Federal opportunity zones offer tax incentives for investment
Accountant briefs Rome business leaders on one aspect of tax reform.
A new federally designated opportunity zone, part of the Tax Cuts and Jobs Act, offers significant tax benefits for investment in downtown Rome.
Ken White, a Chattanooga accountant, told the Rome Floyd Chamber Economic Development committee he thinks the opportunity zone provisions are among the best aspects of the law pushed through by the Trump administration.
Local investors can use the law for job creation as well as real estate investments, Chamber President Al Hodge told committee members.
“Rome is already poised to take advantage of this,” White said.
Once provisions are fully understood by accountants and investors, he said it could potentially entice even more investment in downtown Rome, offering both deferred and completely free tax advantages
The federally designated zones stretch from a point just south of Darlington Drive off U.S. 27 south through downtown, between the rivers and up U.S. 27 north to John Davenport Drive and all the way out the north side of Shorter Avenue to Sycamore Street.
The area encompasses census tracts identified by the federal government as low-income or disadvantaged census tracts.
“This is all about growing and creating jobs and pulling people out of poverty and that was Congress’s intent,” White said.
The law applies to the acquisition of new properties in 2018.
“It can be existing property, older property like the Georgia Power building,” White said.
Investors put funds, typically both short and long term capital gains, in a qualified opportunity zone investment fund. Funds have to be invested within 180 days of taking a capital gain transaction, but can hold funds for up to 30 months as long as the partnership files a bona fide written reinvestment plan.
“This is good for selling stock, it’s good for diversifying, rebalancing your portfolio without paying tax on the gain,” White said.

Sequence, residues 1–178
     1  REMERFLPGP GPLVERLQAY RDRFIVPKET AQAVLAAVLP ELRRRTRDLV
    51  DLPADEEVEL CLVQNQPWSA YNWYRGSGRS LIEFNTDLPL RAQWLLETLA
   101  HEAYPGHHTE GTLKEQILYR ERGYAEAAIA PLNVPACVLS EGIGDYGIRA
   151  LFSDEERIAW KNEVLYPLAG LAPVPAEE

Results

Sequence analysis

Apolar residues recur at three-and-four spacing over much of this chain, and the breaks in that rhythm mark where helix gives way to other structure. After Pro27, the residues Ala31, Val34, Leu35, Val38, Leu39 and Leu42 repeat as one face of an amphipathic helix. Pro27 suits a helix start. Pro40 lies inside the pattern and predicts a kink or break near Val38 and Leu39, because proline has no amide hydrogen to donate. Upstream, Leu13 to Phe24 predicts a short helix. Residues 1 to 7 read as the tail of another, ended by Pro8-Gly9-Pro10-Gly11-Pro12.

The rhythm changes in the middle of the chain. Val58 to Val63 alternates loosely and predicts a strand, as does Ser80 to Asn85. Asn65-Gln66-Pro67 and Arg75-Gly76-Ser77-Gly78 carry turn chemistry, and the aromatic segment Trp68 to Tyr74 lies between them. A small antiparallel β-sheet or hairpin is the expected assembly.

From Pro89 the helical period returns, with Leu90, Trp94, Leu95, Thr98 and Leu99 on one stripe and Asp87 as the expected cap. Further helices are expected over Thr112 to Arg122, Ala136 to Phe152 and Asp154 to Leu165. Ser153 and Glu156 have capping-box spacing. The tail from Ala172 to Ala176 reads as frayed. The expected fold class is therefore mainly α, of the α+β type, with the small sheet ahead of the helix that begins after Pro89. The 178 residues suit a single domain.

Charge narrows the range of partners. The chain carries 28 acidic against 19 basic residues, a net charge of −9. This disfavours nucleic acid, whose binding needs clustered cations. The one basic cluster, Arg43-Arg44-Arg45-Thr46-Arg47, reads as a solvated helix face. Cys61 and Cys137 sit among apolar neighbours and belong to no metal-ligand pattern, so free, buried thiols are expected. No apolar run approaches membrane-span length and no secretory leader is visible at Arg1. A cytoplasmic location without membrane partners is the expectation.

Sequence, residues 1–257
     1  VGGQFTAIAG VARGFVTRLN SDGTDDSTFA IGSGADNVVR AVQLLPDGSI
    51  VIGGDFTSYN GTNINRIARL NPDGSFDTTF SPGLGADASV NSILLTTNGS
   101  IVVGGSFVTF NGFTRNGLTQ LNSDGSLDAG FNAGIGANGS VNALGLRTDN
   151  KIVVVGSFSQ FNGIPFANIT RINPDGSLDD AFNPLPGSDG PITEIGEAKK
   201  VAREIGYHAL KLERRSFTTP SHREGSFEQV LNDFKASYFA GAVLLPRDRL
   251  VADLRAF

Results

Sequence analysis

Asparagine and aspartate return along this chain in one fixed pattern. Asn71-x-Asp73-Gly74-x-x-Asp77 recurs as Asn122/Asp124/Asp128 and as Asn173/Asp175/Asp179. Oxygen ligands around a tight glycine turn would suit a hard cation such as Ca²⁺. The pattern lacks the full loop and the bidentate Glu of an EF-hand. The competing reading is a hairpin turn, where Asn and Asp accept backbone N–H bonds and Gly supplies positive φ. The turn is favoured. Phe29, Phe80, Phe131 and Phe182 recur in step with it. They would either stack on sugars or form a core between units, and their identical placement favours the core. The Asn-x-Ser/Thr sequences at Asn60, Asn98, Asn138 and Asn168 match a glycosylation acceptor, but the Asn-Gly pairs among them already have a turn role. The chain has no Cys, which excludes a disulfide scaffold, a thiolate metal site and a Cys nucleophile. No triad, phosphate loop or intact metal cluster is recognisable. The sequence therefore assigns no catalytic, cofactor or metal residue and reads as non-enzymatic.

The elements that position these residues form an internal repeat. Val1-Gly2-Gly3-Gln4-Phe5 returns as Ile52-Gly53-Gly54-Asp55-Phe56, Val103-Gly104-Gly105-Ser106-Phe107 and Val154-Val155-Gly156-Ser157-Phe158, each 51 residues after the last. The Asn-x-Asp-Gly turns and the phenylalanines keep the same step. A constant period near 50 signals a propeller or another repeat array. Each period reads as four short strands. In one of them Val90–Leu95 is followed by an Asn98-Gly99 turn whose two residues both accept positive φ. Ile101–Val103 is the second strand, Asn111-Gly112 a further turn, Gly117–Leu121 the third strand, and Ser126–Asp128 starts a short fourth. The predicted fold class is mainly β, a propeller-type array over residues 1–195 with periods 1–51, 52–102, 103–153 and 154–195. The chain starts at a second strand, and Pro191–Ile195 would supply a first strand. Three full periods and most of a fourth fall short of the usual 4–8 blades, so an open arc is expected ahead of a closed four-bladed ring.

A qualified opportunity zone fund could be a new corporation or a new partnership created strictly for the purpose of investing in an opportunity zone. A group of local investors could come together to create a fund but White said a single member LLC would not qualify.
“The fund itself, 90 percent has to be invested in the opportunity zone,” White said.
The law does not allow benefits for the acquisition of so-called “sin businesses.”
“Golf course, country clubs, massage parlors, hot tub facilities, sun tan facilities, a race track facility and liquor stores,” White said. “Bars do qualify because liquor consumption on site is fine. If you purchase liquor for off-site consumption that doesn’t qualify.”
Substantial improvements to property is also part of the bill — the fund can’t just buy a building. The accountant used the Georgia Power building at Broad Street and Turner McCall Boulevard as an example. If a fund were to buy the building, it would have to spend as much as it paid to buy the building, to repurpose the building for residential or some other commercial use.
The fund has 30 months to accomplish the remodeling.
On the other hand, a fund could go out and buy a new building in the opportunity zone which has never been used before and the fund would not have to spend any money to remodel it. Raw land could be acquired and the fund could put a hut up to do business out of and qualify.
If an investment is held for five years taxes are not paid on the year the capital gain is made.
“After five years you only pay tax on 90 percent of the gain. It’s tax deferred, if I hold it seven years, then I only pay tax on 85 percent of the gain,” White said.
Appreciation on the investment, if held for ten years, comes with no tax whatsoever on the gain. He said if he invested $200,000 into the Georgia Power building, and it sold 10 years later for $400,000, he wouldn’t pay any tax on the additional value of the building. He would pay 85 percent on the original $200,000 investment. If it sold for $1.2 million, he would not pay taxes on the million dollar increase in value.
Rome neurosurgeon Dr. John Cowan asked White if there was any risk in making the investments because of potential changes in the law.
“It’s always a risk,” White said. “But Congress wants to create economic development.”
Diagram of the federally designated Opportunity Zone that can result in tax benefits for investors in Rome.
CPA Ken White briefs business leaders on the tax advantages of federal opportunity zones in Rome during a Chamber Economic Development committee meeting Friday.